South Bend, Indiana, mayor and Democratic presidential candidate Pete Buttigieg joined in on the assault against comedy this week, taking aim at Dave Chappelle's humor suggesting the comic's recent jokes about transgender culture are "straight up hurting people."
What are the details?
Buttigieg — the first openly gay candidate to run for president — sat down with Snapchat's political series "Good Luck America" to discuss his views, when host Peter Hamby said, "Part of Dave Chappelle's schtick in the last couple comedy specials he did was deliberately making fun of transgender people."
Hamby asked, "Should that just be turned off? Should he not have a Netflix deal?"
"I haven't seen the special," Buttigieg replied. "I will say that there comes a point where you're just straight up hurting people, and I don't know what goal you're hoping to achieve."
Mayor Buttigieg added, "As much as there's been a lot of political correctness, there's also this weird way in which it's become fashionable to attack political correctness that I think has become its own, weird correctness out there."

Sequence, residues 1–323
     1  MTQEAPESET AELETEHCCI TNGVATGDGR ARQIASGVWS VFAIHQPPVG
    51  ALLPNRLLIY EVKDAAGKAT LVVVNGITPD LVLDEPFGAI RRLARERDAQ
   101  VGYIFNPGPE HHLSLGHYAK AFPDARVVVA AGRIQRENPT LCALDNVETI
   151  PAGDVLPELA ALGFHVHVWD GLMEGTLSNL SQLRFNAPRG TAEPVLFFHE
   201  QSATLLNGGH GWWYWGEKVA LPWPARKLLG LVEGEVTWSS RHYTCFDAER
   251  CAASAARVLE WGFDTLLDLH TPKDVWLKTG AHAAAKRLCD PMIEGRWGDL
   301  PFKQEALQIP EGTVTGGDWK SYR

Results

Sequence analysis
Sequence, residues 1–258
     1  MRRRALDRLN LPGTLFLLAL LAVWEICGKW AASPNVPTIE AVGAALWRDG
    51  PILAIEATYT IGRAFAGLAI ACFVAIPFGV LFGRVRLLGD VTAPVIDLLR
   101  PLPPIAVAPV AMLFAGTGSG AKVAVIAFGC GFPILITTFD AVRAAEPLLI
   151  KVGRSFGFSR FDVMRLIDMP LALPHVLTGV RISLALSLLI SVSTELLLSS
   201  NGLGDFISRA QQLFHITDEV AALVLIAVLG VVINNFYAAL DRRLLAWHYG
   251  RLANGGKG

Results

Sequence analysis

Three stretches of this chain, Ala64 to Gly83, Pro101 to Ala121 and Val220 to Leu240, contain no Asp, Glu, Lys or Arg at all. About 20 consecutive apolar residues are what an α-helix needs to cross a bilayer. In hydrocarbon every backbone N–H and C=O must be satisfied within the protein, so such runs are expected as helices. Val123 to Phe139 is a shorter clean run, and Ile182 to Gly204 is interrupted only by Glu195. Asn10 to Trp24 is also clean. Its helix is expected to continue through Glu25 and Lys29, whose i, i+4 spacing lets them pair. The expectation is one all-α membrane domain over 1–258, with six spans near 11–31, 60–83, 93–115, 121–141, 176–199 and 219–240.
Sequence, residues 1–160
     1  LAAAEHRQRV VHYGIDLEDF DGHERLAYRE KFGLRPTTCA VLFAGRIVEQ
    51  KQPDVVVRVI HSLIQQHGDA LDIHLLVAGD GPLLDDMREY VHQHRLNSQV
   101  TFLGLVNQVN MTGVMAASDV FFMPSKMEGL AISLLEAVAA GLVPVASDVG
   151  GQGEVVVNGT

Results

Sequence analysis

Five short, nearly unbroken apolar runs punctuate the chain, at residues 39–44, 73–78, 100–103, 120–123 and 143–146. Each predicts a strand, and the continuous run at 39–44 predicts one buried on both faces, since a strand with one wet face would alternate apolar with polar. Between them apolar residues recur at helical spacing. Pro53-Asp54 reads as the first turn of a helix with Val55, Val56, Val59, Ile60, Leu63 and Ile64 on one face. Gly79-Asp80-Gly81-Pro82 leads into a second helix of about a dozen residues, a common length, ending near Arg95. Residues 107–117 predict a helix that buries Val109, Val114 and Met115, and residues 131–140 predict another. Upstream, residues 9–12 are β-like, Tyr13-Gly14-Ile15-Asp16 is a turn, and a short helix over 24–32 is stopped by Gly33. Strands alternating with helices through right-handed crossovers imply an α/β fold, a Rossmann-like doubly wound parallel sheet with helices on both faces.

Part 2 of my interview w Pete Buttigieg: His response to Twitter people who think he's not gay enough, call-out cul… https://t.co/zQU2awFiQM— Peter Hamby (@Peter Hamby)1571152971.0
Chappelle's latest special, which was released in August, won rave reviews from audiences but critics trashed it because — according to "South Park" creator Matt Stone — critics fear losing their jobs for admitting to finding the humor in political incorrect content in today's "cancel culture."
Indeed, there were some in the press and in social media this week who sought to place blame on Chappelle for the suicide of transgender comedian Daphne Dorman, who performed ahead of Chappelle in his show, "Sticks and Stones."
The Daily Wire pointed out that a misleading headline from The New York Daily News sparked much of the outrage, with the title, "Transgender actress, activist and comedienne Daphne Dorman, referenced in Dave Chappelle's 'transphobic' Netflix special, commits suicide."
Hidden in the story was the fact that Chappelle's reference to Dorman wasn't making fun of her, but rather, discussing how he had befriended Dorman and that she "was laughing the hardest" at his trans jokes during his practice set. Before Dorman's death, she praised Chappelle and came to his defense, fighting off the politically correct mob and calling Chappelle "a master of his craft."
H/T: The Washington Examiner